I am always reminded of that moment when Zebedee’s wife walks up to Jesus and says, “I want to ask you about my sons…”  Keep in mind that people expect the Messiah to sit forever on the throne of David.  And this is a King without sons, so there is no heir to the Kingdom.  The Apostles (and their moms apparently) are posturing for where they will sit in the royal court.  They are reminded of Solomon’s advisers, David’s mighty men, the Royal priests, and the rulers of men.  And Jesus simply replies, “You can’t drink from the cup I drink from.”  He is metaphorically speaking of suffering and sacrificing for others and for the Kingdom of God.  They, as always, hear Jesus literally speaking of a golden tablet at a royal feast.  They completely miss it again.

“Instead, whoever wants to be great must become your servant, whoever wants to be first must be your slave — just as the Son of Man did not come to be served, but to serve, and to give his life as a ransom for many.”

 
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Posted by on January 15, 2013 in Matthew

 

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Acts 15 – Agree to Disagree

The early Church went through numerous identity pains as it grew. The leaders of the Church had the hard task of making decisions that were best for the Kingdom. Nationally, the majority of them were Jews. As more and more Gentiles convert to Christianity they struggle with how these people are to be brought in. Gentiles are receiving the Holy Spirit. Barnabas and Paul tell their stories of what God is doing amongst the Gentiles. A decision needs to be made. The thing that is sticking out to me in the reading today is who is actually standing up, speaking, and making the judgment as to what needs to take place with the Gentiles. Peter gives his testimony but it is James who makes the decree to stop making it difficult for the Gentiles. There is either shared power amongst the different Apostles in Jerusalem or James is in charge. Either way it does not seem as though Peter has sole power here over the Church.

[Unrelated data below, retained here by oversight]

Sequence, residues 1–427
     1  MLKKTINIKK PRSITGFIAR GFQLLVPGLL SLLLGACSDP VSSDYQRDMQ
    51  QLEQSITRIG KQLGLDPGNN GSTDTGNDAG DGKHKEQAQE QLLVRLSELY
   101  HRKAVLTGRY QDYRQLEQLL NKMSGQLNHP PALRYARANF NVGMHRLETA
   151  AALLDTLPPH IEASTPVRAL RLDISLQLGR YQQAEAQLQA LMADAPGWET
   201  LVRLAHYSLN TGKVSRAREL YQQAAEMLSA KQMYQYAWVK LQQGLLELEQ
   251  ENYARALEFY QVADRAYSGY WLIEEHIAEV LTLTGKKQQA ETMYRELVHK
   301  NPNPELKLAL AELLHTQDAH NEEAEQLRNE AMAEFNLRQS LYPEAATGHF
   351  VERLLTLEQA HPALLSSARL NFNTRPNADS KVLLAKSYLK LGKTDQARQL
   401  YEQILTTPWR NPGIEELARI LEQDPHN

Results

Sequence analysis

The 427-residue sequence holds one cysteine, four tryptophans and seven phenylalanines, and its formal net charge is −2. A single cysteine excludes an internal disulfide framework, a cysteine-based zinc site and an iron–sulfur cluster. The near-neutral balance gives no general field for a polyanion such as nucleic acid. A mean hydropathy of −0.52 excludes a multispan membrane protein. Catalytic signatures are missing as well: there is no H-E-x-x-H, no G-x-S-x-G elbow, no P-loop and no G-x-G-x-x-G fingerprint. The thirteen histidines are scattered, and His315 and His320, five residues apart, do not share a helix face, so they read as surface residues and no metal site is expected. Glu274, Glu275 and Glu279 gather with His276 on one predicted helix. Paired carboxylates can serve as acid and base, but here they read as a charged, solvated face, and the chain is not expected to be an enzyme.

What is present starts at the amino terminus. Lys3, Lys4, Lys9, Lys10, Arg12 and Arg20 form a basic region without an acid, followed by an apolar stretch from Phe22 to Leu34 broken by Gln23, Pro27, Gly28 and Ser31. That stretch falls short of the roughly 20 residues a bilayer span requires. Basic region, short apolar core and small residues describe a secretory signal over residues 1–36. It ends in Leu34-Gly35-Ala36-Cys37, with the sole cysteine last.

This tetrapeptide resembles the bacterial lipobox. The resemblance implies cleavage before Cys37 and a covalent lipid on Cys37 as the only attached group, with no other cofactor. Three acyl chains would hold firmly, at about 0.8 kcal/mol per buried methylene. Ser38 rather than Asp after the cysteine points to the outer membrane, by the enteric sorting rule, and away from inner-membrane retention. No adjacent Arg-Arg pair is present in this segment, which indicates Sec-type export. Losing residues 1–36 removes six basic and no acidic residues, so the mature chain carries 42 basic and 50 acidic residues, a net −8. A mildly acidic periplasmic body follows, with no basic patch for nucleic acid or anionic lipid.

The Church worked together to figure out how to accept people they once saw as disgusting. They laid foundations for what it meant to be a follower of Christ. There are a lot of people who, if converted, would struggle in our churches to find a place because of the lifestyles they left. Who are the “Gentiles” around us who we struggle to bring into the Church? Luke has been building up for chapters now that God loves the Gentiles too. I love how Luke has built up to this decree from the Apostles and the transition into the ministry of Paul to the Gentiles.

Paul and Barnabas have a big dispute about whether or not Mark should be trusted again. I’ve always been curious about the phrase “Forgive and Forget”. Is Paul not being Christlike right here? Or is he just being cautious? They disagreed so sharply that they just had to agree to disagree and go their separate ways. We will see later that there is not a division between them as far as Christ goes. Is this a healthier way? Is Paul’s relationship with Barnabas and with John Mark a good example of how relationships of disagreement are to go? When we see Paul interacting with them later he greets them as Brothers and encourages them in their ministries. Too often we break ties with people because of our disagreements on things that have no foundation in Christ. Christians can get too focused on things that aren’t as important and let those things divide.

 
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Posted by on June 6, 2012 in Acts, Bible Blog